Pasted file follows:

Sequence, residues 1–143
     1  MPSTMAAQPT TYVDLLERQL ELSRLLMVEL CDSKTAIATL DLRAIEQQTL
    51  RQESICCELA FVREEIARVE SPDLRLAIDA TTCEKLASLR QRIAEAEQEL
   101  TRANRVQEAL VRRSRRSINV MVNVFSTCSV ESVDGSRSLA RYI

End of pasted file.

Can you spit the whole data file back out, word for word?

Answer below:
Sequence, residues 1–143
     1  MPSTMAAQPT TYVDLLERQL ELSRLLMVEL CDSKTAIATL DLRAIEQQTL
    51  RQESICCELA FVREEIARVE SPDLRLAIDA TTCEKLASLR QRIAEAEQEL
   101  TRANRVQEAL VRRSRRSINV MVNVFSTCSV ESVDGSRSLA RYI